5 disruptors shaking up the grocery industry

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Every week, we bring you the FreshMinds Friday picks – ideas to help you make the most of digital technologies and understand how they are helping brands to grow and innovate. This week we are looking at five companies that are using technology to transform the way we shop for groceries from e-commerce giant Amazon to relative newcomers Instacart.

Amazon Fresh

For the past decade, Amazon has been at the forefront of changing the way people shop, so it is no surprise to see that they are leading the disruption in the grocery industry with Amazon Fresh, a new service that allows customers to order fresh produce and groceries online. For an annual subscription of $300, you’ll receive free same day delivery or if you spend over $35 in one go, next morning delivery at no extra cost is guaranteed. Recently Amazon introduced Dash, a gadget that works hand-in-hand with Amazon Fresh to make the process of compiling a shopping list more efficient. With Dash you can scan items at home, in store or even on the move and add them to your basket , reducing the chance of any items being forgotten. Amazon Fresh and Dash are currently only available in certain parts of America; however talk of their introduction to the UK market has intensified in recent months.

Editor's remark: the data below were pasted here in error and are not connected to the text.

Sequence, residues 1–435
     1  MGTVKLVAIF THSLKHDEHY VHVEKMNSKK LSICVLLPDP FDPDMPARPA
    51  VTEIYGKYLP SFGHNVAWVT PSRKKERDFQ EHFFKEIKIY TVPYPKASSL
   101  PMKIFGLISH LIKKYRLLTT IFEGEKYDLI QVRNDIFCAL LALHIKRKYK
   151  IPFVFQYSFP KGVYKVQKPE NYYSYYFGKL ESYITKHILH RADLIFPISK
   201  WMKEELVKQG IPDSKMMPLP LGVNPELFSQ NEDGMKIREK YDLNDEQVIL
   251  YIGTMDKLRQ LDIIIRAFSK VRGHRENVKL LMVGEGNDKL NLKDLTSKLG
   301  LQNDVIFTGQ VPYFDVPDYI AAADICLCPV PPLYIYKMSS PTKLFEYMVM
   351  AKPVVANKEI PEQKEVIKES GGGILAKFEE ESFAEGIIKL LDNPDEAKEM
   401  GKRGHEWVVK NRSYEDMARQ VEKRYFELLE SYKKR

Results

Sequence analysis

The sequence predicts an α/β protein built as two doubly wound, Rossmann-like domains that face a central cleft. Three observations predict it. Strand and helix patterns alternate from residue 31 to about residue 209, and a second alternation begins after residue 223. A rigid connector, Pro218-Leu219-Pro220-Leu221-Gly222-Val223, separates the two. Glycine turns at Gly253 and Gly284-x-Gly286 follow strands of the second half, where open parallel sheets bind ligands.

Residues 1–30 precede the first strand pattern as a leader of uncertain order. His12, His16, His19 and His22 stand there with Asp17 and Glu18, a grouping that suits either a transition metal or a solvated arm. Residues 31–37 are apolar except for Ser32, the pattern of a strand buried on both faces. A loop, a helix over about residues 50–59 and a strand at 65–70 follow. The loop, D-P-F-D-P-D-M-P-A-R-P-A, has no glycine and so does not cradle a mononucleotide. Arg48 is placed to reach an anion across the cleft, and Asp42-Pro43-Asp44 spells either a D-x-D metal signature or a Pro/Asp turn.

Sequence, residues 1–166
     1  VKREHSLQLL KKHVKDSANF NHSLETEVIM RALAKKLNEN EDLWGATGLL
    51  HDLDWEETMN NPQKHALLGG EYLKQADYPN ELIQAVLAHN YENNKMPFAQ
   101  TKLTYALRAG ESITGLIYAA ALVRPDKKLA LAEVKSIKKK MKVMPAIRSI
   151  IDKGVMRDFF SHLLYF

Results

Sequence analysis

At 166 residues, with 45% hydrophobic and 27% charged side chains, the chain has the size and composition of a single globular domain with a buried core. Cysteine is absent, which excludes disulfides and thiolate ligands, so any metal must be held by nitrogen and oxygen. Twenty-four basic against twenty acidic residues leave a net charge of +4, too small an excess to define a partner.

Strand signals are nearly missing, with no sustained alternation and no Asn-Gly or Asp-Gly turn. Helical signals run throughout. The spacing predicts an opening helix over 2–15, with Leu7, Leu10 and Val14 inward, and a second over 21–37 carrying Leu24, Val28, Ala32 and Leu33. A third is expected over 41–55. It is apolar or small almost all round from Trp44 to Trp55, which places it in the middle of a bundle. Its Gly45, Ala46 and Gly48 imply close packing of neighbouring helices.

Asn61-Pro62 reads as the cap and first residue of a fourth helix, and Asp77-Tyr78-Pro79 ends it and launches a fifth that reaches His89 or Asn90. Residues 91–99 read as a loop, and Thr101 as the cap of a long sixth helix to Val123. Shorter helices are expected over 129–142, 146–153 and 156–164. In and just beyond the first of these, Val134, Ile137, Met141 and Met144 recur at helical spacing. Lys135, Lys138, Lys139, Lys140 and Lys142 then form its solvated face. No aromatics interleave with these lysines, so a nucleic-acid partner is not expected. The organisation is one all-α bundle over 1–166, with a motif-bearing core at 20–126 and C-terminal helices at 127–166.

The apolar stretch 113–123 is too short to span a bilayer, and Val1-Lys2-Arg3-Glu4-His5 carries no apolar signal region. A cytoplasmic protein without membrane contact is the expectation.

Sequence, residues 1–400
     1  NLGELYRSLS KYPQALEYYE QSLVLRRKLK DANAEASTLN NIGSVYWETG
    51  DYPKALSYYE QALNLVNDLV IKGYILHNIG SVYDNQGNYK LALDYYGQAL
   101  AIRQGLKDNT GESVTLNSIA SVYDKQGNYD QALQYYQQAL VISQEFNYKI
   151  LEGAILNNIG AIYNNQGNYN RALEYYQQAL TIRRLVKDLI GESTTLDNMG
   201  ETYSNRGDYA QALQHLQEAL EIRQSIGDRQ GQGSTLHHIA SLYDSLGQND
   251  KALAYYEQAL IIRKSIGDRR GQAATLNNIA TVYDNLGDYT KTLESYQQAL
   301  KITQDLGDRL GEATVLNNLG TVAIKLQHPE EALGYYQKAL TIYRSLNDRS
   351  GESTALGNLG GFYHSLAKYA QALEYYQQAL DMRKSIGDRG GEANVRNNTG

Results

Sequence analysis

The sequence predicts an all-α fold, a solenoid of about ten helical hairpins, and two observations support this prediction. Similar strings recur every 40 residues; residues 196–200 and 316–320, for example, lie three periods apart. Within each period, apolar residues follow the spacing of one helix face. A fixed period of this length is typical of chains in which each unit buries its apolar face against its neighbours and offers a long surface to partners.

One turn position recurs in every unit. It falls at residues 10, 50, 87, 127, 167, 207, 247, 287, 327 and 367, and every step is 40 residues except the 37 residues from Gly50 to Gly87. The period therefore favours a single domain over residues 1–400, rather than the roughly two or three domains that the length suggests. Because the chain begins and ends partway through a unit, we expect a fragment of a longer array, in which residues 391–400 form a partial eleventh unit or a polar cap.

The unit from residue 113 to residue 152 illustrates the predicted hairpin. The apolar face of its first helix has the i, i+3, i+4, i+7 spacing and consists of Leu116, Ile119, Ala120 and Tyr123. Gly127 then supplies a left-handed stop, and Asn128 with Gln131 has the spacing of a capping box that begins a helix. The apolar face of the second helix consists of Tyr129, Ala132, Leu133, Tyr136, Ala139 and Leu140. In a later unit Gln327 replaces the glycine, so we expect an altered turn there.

Hello Fresh

UK-based Hello Fresh aims to take away the stress and time involved in making a home cooked meal. By simply logging into their website, you can order meals to last a family of four the whole week, or you can order something for a special occasion. Hello Fresh provide you with quick, simple and easy to understand recipes developed by their in-house chefs. But perhaps the most important feature however, is that they provide you with everything you need to make each recipe, by-passing supermarkets completely as the business has its own independent suppliers. Once you start using the site to order your food, you can join Hello Fresh’s Cooking Academy, which encourages continued used of the site. The more you order, the higher you rank so you can progress from ‘apprentice chef’ to ‘master chef’, accumulating rewards as you go.

Instacart

Instacart is a US based business that, to quote Huffington Post, ‘does your boring weekend-ruining grocery shopping for you’. The business model is quite simple, using Instacart’s own app, you can compile a list of grocery items you need. This list is then sent to one or more ‘shoppers’,  who proceed to pick up your items and deliver them to you within the hour. Instacart is one of a growing number of companies embracing the collaborative economy - in this case by matching people who don’t have the time or the patience to trawl through supermarkets, with people who have spare time and are looking to make extra money. Not only do the ‘shoppers’  deliver goods but they also act as ‘inventory trackers’, constantly updating the availability and prices of products on the Instacart website.

Good Eggs